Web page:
For the first time ever, I honestly thought that Mike Tomlin should consider pulling Ben Roethlisberger for performance. In Latin America, ESPN Deportes commentators thought it might happen, advising that Mason Rudolph had warmed up after half time.

It didn’t happen. Stout play by Cam Heyward, Avery Williamson and Alex Highsmith forced a 3 and out and the when the Steelers offense came out, Ben Roethlisberger was at the helm.

And for a time, the Steelers looked like the team that went 11-0 in September, October and November and not December’s 3 and 0er. Behind a crushing block from Vance McDonald, Chase Claypool transformed a simple screen pass on 3rd and 3 into to a thirty seven yard sideline scamper. One play later, Ben Roethlisberger threw a laser to Diontae Johnson.

Benny Snell, Steelers vs Bengals

Benny Snell running in the open field. Photo Credit: Chaz Palla, Tribune-Review

On the next series, it was Benny Snell’s turn to shine as he ripped off runs of 29 and 13 yards. The Steelers had to settle for a Chris Boswell field goal, but still, it was a 1 score game and 5 minutes remained in the third quarter.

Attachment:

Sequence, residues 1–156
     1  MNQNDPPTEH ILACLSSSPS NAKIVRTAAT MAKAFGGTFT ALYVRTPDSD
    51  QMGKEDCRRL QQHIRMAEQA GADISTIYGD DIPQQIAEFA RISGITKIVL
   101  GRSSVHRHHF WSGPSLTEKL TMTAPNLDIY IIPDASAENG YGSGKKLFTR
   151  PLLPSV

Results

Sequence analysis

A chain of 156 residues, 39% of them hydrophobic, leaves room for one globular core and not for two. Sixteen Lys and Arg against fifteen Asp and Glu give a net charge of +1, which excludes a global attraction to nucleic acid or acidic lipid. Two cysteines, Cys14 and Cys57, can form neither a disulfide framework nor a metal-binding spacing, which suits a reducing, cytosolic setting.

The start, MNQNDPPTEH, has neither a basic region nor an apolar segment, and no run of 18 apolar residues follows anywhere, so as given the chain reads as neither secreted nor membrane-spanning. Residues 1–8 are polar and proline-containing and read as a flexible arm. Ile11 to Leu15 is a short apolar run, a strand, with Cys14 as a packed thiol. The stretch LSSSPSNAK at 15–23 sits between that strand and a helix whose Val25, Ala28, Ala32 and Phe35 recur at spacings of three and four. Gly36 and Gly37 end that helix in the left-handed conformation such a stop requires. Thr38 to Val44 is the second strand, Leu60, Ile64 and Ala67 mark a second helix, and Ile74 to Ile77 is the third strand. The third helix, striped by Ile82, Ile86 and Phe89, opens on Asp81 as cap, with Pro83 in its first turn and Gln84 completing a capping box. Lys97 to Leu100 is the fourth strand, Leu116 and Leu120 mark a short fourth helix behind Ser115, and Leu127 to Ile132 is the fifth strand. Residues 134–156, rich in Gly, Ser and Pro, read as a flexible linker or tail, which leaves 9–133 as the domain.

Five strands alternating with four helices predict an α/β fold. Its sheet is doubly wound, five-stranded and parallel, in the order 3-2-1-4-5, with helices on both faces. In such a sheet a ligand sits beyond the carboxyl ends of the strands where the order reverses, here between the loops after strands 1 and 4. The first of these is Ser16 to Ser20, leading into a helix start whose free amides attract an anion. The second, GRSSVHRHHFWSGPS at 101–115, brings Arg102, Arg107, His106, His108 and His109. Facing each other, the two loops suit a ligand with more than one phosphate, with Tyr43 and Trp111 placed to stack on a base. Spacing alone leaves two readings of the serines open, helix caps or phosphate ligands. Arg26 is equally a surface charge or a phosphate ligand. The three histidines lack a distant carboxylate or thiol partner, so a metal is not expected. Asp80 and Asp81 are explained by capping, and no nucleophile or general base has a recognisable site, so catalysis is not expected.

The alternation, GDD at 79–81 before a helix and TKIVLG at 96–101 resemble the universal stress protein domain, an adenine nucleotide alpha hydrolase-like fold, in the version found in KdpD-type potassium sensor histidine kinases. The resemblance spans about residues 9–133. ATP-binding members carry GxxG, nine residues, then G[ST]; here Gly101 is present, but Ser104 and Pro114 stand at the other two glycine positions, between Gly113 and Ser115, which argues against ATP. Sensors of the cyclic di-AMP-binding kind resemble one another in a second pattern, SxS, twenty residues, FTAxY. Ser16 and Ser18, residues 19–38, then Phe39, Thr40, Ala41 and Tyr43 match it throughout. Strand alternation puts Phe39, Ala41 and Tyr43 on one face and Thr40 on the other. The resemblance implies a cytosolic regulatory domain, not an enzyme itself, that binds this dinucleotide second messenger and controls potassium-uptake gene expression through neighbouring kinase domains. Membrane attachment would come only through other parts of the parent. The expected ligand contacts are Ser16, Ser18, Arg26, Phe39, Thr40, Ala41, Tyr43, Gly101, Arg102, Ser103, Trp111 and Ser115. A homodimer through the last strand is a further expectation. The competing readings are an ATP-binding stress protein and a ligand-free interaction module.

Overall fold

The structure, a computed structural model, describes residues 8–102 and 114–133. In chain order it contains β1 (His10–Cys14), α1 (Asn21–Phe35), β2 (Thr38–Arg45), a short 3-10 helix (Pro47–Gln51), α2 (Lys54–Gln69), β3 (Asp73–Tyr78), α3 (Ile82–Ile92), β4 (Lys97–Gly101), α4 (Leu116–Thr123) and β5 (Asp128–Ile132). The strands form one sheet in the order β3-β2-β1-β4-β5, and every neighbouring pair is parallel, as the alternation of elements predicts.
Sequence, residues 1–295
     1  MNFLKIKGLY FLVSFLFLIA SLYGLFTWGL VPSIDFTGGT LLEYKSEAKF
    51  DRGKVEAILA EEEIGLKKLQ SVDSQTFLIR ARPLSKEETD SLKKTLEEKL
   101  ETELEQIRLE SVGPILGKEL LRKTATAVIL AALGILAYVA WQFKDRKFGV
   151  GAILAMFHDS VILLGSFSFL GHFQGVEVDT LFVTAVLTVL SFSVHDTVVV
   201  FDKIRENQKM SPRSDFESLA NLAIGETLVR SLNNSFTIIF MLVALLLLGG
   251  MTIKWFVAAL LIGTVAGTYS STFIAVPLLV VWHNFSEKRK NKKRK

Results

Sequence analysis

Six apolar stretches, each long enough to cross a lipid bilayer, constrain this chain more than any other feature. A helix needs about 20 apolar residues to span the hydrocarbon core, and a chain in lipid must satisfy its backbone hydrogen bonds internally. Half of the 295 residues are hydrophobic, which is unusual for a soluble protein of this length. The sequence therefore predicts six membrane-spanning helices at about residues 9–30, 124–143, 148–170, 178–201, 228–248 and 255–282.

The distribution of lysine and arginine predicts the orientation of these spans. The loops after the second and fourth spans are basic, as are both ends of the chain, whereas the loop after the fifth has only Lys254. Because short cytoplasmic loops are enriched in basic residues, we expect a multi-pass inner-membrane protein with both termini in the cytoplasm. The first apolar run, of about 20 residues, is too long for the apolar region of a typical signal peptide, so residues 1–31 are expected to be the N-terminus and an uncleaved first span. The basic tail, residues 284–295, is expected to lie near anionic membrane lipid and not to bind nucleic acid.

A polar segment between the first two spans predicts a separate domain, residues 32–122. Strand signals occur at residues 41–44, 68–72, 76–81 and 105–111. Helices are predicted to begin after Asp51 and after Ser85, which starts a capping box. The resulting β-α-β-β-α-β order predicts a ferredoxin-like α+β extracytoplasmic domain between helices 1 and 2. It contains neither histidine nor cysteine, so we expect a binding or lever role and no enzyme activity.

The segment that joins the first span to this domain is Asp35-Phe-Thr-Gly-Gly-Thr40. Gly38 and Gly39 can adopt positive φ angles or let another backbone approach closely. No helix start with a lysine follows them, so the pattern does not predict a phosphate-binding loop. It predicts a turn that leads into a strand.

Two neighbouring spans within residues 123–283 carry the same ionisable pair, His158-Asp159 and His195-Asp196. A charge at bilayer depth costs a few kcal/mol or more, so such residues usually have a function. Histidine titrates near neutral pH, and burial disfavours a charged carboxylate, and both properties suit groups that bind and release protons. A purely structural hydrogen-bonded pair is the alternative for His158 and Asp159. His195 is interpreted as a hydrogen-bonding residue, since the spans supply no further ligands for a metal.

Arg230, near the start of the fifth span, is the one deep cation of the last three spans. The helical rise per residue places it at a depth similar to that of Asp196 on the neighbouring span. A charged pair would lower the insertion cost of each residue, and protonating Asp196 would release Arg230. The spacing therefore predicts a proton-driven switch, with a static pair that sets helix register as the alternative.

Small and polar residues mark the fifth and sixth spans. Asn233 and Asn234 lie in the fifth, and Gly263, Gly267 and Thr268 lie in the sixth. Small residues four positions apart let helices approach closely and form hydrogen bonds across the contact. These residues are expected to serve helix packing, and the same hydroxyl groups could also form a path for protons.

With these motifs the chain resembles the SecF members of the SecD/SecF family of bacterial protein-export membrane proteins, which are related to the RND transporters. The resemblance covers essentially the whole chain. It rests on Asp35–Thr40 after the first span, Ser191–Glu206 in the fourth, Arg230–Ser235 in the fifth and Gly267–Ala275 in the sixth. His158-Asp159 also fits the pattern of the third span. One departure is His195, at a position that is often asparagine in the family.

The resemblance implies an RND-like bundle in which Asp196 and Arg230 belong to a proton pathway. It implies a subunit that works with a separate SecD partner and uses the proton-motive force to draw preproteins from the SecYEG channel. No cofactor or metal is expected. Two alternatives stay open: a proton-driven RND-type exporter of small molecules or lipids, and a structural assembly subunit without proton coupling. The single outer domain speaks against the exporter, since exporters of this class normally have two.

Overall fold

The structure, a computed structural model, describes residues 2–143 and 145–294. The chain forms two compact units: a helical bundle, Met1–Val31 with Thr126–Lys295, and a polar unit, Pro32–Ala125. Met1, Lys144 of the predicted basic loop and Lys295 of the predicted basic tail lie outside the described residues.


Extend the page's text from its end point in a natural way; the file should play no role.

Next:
Out Muscled on the Line, Defense Out Foxed by Finley

Before the game, no one in Steelers Nation knew the names “Ryan Finley” and  “Josh Bynes.” We’ll probably never hear their names again. But together the tandem snuffed out the Steelers 2nd half comeback.

  • In the first half, the Steelers mustered their will to convert a 4th and 1. That was a small but symbolic moment.

Symbolism only gets you so far. When the next time the Steelers faced a 3rd and 1 after Chris Boswell’s field goal, Benny Snell got stoned by Josh Bynes. Instead continuing to fight to tie the score the Steelers punted and asked their defense to bail them out. Again.

  • Out foxed by Ryan Finley, the defense couldn’t deliver.

Ryan Finley completed just 7 passes, but he ran for 47 yards. Three of those runs converted 3rd downs and another other gave Cincinnati a touchdown.

T.J. Watt, Stephon Tuitt, Minkah Fitzpatrick and Steven Nelson all made excellent plays against the Bengals. But the Steelers defense couldn’t prevent Ryan Finley from looking like the 2nd coming of Fran Tarkenton. Disappointing?

Yes, but hardly surprising given that the Steelers were missing 3 of their 4 starting linebackers, their top backup and were forced to play a safety at inside linebacker.

One Last Hurrah?